Poodles are a very popular breed of dog in the United States and have been duck retrieving dogs, show dogs, and companion dogs. They are known for their intelligence and their curly, poofy hair. Just like any breed, poodles have a want and need to chew on things, especially bones.
So, what are the best bones for poodles to chew on? The best bones for poodles are raw and uncooked. Bones, when cooked or store-bought, are soft and can easily splinter and cause harm to your dog. Raw bones are a great source of nutrients that can contribute greatly to the overall health of the poodle when properly supervised.
These are the best bones for your poodle to chew on:
- Turkey neck
- Turkey wing
- Chicken frames
- Chicken feet and legs
- Chicken neck
- Chicken wings
- Duck frames
- Duck neck
- Duck feet and legs
- Duck wings
- Lamb bones
- Non-Bearing Beef bones
- Whole quail
- Cornish hen
Chewing on bones is a natural thing poodles want to do as chewing helps stimulate their bodies and keeps them active. Being a poodle-owner, it is essential to provide your furry friend with the proper bones to keep their teeth healthy. When giving your poodle a bone, you will want to consider their size as smaller breeds can’t handle larger bones. Here is what you should know.
Are Dog Bones Safe for Poodles?
Bones are a good source of nutrients and minerals that can be a bonus to your dog’s nutrition. Also, the chewing stimulates saliva enzymes and can help prevent plaque buildup on their teeth.
However, many vets believe it is unsafe for you to feed a bone to your dog because they can cause health risks to them. Some vets say it is okay to give your dog bones if you are following specific guidelines.
Guidelines for Giving Your Poodle a Bone
To keep your poodle safe while chewing on bones, follow these guidelines:
- Give them the proper bones
- Don’t leave them unsupervised – You want to make sure your poodle isn’t breaking through the bone – which can cause damage.
- Don’t let them chew it into small pieces – Small pieces can be easily swallowed and can choke them.
- Don’t give them cooked bones – Cooked bones are soft and splinter easily
- Take the bone away after 15-20 minutes
- Throw it away after 3-4 days – Or once it is worn down. A chewed on and worn down bone is more likely to begin to splinter
- Refrigerate the bones – Cold bones are less apt to splinter
- Give the bone when they are full – If they have a bone while they are hungry, they are more apt to go crazy and try to bite right through it. It should be used as a nibble after a meal.
- Give them a bone larger than their muzzle – A bone that is too small will make them think that they can swallow it, and you don’t want them swallowing their bones.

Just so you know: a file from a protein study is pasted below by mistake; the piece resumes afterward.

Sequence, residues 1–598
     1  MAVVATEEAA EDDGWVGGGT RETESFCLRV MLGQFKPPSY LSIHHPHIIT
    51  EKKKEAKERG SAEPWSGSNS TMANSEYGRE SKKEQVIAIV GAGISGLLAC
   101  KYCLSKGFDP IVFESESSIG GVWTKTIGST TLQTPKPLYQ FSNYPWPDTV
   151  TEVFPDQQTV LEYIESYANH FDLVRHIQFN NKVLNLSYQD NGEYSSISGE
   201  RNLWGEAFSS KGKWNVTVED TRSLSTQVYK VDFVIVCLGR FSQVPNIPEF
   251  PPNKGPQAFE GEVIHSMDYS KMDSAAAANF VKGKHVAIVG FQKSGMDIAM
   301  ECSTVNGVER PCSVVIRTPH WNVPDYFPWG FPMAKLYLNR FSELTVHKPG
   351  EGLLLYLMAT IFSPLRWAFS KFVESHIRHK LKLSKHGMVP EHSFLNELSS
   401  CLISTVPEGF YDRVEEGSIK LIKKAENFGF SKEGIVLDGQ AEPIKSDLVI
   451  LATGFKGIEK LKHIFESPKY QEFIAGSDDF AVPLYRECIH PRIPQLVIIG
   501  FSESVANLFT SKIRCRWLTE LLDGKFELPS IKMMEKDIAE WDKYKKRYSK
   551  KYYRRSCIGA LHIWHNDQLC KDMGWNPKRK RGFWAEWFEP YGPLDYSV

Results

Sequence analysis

- Don’t give them a bone if they have dental problems – Although bones can help a poodle’s teeth, if they are already experiencing dental problems, a bone can cause more harm.
What Bones are Best for Each Poodle Variety: Toy, Miniature, and Standard?
Because poodles come in different sizes, it is vital to give the smaller breed poodles bones that are suitable for them.
- Toy poodles require bones that are less dense for them to chew without causing damage.
- Miniature poodles can have the same bones as the smaller poodles but with some extra options.
- Standard poodles need more substantial cuts of bones to prevent choking. However, smaller bones can be given to them if they don’t have a large gulp.
The following chart outlines the bones allowed for each poodle size:
|Toy Poodle||Miniature Poodle||Standard Poodle|
Non-Bearing Beef bones
These bones are the strongest and don’t splinter easily but are soft enough to chew and digest. All bones given to your poodle should be raw because cooked bones are soft and can easily splinter. The best bones to give your poodle are the ones you would remove from whatever raw meat you are cooking.
However, with raw meat and bones, there is a risk of some bacterial contamination. But you can limit the risks with proper handling:
- Only allow your poodle 10-15 minutes with the bone
- Wash it after use
- Refrigerate it
- Throw out after 3 days
Selecting Safe Bones
When selecting which bones to feed your poodle, you want to make sure they are soft and edible and are entirely raw. Bones from poultry are a great choice – the wings, legs, backs, and feet, but turkey wings and legs are very dense and can splinter easily.
Lamb, rabbit, and beef bones are other great options. However, it is best to avoid load-bearing bones from cattle as those hold marrow and are strong, dense bones. The large amount of marrow in these kinds of bones can cause intestinal upset, and the bones themselves are known as teeth-crackers.